London Labour and the London Poor, volume 3

Mayhew, Henry
1851

CONCERNING street musicians, they are of multifarious classes. As a general rule, they may almost be divided into the tolerable and the intolerable performers, some of them trust- ing to their skill in music for the reward for their exertions, others only making a noise, so that whatever money they obtain is given them merely as an inducement for them to depart. The well-known engraving by Hogarth, of "the enraged musician," is an illustration of the persecutions inflicted in olden times by this class of street performers; and in the illustrations by modern caricaturists we have had numerous proofs, that up to the present time the nuisance has not abated. Indeed, many of these people carry with them musical instruments, merely as a means of avoiding the officers of the Mendicity Society, or in some few cases as a signal of their coming to the persons in the neighbourhood, who are in the habit of giving them a small weekly pension.

These are a more numerous class than any other of the street performers I have yet dealt with. The musicians are estimated at 1000, and the ballad singers at 250.

The street musicians are of two kinds, the skilful and the blind. The former obtain their money by the agreeableness of their performance, and the latter, in pity for their affliction rather than admiration of their harmony. The blind street musicians, it must be confessed, belong generally to the rudest class of performers. Music is not used by them as a means of pleasing, but rather as a mode of soliciting attention. Such individuals are known in the "profession" by the name of "pensioners;" they have their regular rounds to make, and particular houses at which to call on certain days of the week, and from which they generally obtain a "small trifle." They form, however, a most peculiar class of individuals. They are mostly well-known characters, and many of them have been performing in the streets of London for many years. They are also remarkable for the religious cast of their thoughts, and the comparative refinement of their tastes and feelings.

CONCERNING street musicians, they are of multifarious classes. As a general rule, they may almost be divided into the tolerable and the intolerable performers, some of them trust-

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ing to their skill in music for the reward for their exertions, others only making a , so that whatever money they obtain is given them merely as an inducement for them to depart. The well-known engraving by Hogarth, of "the enraged musician," is an illustration of the persecutions inflicted in olden times by this class of street performers; and in the illustrations by modern caricaturists we have had numerous proofs, that up to the present time the nuisance has not abated. Indeed, many of these people carry with them musical instruments, merely as a means of avoiding the officers of the Mendicity Society, or in some few cases as a signal of their coming to the persons in the neighbourhood, who are in the habit of giving them a small weekly pension.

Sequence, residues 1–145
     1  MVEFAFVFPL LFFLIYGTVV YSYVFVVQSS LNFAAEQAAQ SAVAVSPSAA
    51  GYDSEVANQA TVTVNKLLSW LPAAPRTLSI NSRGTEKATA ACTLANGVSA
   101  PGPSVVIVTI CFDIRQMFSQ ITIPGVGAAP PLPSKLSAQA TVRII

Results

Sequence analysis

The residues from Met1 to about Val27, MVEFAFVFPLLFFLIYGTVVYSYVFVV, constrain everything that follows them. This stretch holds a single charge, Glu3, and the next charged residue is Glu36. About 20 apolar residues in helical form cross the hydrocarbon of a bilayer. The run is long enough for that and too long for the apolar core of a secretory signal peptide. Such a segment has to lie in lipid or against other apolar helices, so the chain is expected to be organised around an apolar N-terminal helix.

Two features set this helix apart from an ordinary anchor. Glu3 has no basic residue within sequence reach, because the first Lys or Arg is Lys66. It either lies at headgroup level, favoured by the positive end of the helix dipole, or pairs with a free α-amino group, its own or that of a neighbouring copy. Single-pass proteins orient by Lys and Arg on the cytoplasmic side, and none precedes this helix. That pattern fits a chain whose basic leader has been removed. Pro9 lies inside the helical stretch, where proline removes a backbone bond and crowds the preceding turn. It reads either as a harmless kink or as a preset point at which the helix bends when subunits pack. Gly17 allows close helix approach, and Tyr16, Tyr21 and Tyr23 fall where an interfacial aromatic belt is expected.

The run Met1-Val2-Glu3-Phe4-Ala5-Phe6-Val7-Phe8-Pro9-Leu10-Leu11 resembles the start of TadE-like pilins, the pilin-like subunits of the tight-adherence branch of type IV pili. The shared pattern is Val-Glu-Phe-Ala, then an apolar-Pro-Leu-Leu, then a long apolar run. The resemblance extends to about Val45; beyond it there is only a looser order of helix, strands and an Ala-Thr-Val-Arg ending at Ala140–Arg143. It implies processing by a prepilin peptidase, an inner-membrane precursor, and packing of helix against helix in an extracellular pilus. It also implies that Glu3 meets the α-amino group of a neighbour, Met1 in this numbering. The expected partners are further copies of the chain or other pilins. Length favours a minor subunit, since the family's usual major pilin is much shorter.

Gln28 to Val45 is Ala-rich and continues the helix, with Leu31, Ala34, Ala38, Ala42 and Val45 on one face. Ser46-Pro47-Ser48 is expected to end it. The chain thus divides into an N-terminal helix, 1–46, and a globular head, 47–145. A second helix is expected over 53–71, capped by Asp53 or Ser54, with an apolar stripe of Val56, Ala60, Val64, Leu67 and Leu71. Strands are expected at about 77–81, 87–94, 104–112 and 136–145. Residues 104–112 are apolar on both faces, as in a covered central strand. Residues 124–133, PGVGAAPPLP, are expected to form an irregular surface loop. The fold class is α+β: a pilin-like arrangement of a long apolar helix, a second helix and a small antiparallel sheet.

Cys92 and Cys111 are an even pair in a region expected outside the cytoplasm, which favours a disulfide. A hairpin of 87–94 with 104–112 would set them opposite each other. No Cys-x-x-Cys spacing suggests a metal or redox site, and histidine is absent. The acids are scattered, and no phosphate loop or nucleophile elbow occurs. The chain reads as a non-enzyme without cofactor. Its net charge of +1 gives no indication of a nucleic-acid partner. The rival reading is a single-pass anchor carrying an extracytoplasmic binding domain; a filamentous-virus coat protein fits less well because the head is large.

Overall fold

These are a more numerous class than any other of the street performers I have yet dealt with. The musicians are estimated at , and the ballad singers at .

The street musicians are of kinds, the skilful and the blind. The former obtain their money by the agreeableness of their performance, and the latter, in pity for their affliction rather than admiration of their harmony. The blind street musicians, it must be confessed, belong generally to the rudest class of performers. Music is not used by them as a means of pleasing, but rather as a mode of soliciting attention. Such individuals are known in the "profession" by the name of "pensioners;" they have their regular rounds to make, and particular houses at which to call on certain days of the week, and from which they generally obtain a "small trifle." They form, however, a most peculiar class of individuals. They are mostly well-known characters, and many of them have been performing in the streets of London for many years. They are also remarkable for the religious cast of their thoughts, and the comparative refinement of their tastes and feelings.

 
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 Title Page
collapseChapter I: The Destroyers of Vermin
collapseOur Street Folk - Street Exhibitors
collapseChapter III: - Street Musicians
collapseChapter IV: - Street Vocalists
collapseChapter V: - Street Artists
collapseChapter VI: - Exhibitors of Trained Animals
collapseChapter VII: Skilled and Unskilled Labour - Garret-Masters
collapseChapter VIII: - The Coal-Heavers
collapseChapter IX: - Ballast-Men
collapseChapter X: - Lumpers
collapseChapter XI: Account of the Casual Labourers
 Chapter XII: Cheap Lodging-Houses
collapseChapter XIII: On the Transit of Great Britain and the Metropolis
collapseChapter XIV: London Watermen, Lightermen, and Steamboat-Men
collapseChapter XV: London Omnibus Drivers and Conductors
collapseChapter XVI: Character of Cabdrivers
collapseChapter XVII: Carmen and Porters
collapseChapter XVIII: London Vagrants
 Chapter XIX: Meeting of Ticket-of-Leave Men
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